|Prime Minister Narendra Modi’s next big push to free up service delivery from the hold of the lower bureaucracy will be in the form of a ‘digital cloud’ for every Indian. Certificates issued by the government — education, residential, medical records, birth certificates etc — are to be stored in individual ‘digital lockers’ and a communication protocol established for government departments to access them without physically having to see the hard copy.|
Information and technology secretary Ram Sewak Sharma, who is overseeing the ambitious MyGov.in programme of the government, told ET that this was one of the ideas Modi had frequently flagged as something that would resonate with all Indians.
“The Prime Minister was very clear that he didn’t want copies of certificates issued by the government itself to be carried around by people to government offices for various services. For example, if a student is applying for a government college and has studied in a government-aided school, his birth certificate, identity details and educational certificates, school-leaving details et al should be accessible by organisations where he is applying. Similarly for medical records,” he said.
The first step in this endeavour is floating the idea on the MyGov.in portal, where suggestions for working out a “communication protocol” or what is called an applications programming interface (API) will be solicited. “There is a vast resource of talent out there which we are engaging with now,” Sharma said.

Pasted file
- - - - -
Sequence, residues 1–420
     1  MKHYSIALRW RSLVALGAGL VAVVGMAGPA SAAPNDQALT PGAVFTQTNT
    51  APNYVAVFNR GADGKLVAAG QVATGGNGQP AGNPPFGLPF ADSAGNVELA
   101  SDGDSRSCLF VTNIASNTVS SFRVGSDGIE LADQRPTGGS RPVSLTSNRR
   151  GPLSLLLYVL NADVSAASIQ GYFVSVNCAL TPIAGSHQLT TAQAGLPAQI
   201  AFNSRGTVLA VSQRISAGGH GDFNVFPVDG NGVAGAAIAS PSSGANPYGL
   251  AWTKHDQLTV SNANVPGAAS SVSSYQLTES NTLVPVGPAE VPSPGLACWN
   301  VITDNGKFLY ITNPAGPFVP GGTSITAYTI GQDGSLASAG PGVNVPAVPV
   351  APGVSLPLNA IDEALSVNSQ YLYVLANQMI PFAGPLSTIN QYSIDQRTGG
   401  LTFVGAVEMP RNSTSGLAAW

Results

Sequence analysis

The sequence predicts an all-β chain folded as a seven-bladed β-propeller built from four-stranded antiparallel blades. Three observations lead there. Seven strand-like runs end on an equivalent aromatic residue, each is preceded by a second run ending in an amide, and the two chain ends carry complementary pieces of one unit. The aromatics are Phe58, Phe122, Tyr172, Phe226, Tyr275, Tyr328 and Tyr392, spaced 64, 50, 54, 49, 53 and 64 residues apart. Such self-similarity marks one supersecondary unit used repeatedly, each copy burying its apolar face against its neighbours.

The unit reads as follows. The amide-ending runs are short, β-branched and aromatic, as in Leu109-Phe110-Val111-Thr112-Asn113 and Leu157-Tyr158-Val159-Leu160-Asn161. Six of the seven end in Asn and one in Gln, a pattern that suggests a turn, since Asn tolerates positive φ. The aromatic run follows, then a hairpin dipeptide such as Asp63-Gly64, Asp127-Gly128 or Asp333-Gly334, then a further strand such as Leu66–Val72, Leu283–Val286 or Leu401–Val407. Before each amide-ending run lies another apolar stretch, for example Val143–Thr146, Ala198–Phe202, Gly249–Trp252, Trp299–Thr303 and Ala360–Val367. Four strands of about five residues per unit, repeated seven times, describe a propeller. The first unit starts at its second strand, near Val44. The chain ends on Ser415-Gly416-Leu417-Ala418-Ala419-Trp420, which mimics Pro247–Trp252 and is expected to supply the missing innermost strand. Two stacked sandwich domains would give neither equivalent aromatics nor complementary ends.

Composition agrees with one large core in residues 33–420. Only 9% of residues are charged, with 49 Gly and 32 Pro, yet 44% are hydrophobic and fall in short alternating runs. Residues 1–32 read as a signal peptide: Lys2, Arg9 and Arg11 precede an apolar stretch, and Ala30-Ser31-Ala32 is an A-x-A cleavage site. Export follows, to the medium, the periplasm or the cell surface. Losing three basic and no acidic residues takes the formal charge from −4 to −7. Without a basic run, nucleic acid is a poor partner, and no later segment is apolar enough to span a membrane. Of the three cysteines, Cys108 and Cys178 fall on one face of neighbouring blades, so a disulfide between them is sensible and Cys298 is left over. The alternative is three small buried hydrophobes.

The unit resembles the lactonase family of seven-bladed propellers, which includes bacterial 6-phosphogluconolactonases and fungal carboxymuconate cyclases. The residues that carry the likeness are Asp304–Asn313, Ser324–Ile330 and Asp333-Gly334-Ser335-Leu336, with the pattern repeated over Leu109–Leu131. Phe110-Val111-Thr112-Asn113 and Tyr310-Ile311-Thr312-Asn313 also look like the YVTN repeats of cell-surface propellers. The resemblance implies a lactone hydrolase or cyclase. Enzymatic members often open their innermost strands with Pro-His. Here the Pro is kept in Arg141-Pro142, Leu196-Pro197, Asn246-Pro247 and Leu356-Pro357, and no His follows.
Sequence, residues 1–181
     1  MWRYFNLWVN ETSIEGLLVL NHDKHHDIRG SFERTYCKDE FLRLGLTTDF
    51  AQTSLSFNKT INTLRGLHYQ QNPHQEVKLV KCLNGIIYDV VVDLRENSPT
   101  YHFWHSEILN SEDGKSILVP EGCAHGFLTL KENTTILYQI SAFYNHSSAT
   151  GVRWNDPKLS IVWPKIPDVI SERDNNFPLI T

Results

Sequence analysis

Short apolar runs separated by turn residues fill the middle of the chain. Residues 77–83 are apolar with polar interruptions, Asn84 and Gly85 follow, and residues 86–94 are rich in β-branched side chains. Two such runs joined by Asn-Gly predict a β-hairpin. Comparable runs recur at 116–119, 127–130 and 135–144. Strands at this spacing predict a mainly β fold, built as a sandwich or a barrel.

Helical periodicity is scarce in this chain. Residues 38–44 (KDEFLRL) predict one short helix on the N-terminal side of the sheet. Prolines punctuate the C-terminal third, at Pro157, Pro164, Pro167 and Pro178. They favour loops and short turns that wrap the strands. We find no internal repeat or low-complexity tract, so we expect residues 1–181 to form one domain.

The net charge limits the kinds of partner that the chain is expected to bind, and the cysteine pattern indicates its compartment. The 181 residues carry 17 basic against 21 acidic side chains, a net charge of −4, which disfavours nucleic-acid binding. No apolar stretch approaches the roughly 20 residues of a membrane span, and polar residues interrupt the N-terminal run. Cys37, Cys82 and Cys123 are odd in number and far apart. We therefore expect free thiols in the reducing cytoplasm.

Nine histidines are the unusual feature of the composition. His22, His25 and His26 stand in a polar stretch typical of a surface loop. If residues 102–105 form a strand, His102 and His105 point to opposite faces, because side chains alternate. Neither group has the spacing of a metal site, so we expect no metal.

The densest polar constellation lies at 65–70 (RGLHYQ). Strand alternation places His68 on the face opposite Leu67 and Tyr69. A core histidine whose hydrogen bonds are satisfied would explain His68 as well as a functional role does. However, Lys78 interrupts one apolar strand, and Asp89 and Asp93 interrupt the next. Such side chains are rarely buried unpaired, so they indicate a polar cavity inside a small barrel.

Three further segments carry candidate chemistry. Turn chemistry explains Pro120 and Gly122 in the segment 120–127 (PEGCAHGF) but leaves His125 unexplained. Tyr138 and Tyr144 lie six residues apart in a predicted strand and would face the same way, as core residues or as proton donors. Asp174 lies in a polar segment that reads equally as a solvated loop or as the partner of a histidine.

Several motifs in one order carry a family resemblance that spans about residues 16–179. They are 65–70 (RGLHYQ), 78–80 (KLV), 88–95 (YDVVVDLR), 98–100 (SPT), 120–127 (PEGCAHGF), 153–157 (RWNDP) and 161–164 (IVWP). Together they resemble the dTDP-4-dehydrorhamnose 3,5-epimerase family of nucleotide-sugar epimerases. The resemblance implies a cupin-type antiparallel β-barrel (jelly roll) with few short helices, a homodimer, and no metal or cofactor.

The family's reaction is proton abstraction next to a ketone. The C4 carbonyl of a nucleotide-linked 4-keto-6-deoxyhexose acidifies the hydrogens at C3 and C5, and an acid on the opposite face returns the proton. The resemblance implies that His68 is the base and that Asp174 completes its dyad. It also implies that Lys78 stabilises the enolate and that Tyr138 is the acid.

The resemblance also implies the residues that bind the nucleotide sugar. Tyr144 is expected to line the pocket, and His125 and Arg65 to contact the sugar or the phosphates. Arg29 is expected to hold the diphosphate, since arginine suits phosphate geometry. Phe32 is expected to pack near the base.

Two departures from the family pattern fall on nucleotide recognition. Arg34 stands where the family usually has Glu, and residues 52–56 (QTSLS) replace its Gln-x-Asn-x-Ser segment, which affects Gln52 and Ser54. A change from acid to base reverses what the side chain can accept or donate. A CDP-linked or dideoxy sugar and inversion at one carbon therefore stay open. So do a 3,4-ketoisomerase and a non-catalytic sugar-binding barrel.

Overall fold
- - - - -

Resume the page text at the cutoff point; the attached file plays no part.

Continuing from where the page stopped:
Top sources in the government confirmed that the decision to take the programme to the public through the MyGov.in interface along with inviting suggestions for what should happen to the Planning Commission was part of Modi’s effort to liberate policy formulation from what’s referred to as the ‘India International Centre’ clique. “This is very much what he did during the election campaign in terms of sourcing new ideas and suggestions, and going with it,” said a source in the government.
Sharma terms MyGov.in as on its way to being the “world’s largest platform in citizen engagement in policy making.” Others in the government said that it kicked off on May 16, the day the BJP registered its massive win. “Every message of congratulations was responded to with a link, a form which solicited your areas of interest and skill sets, the idea, even then was to go off the Beltway, as Barack Obama put it, and source ideas from people with talent and qualifications but who, for professional reasons, are outside of the policy ecosystem,” said a source.
As of now, more than two lakh people have registered on the portal. Two tasks — designing the Independence Day e-greeting to be issued by the government and the logo of the finance ministry — have already been completed. Ideas for Digital India have received the maximum number of suggestions, followed by ‘Clean India’ and job creation. “As of now a small team from the National Informatics Centre is manually sifting through the suggestions, but we are looking at a more man-machine hybrid sifting process,” added Sharma.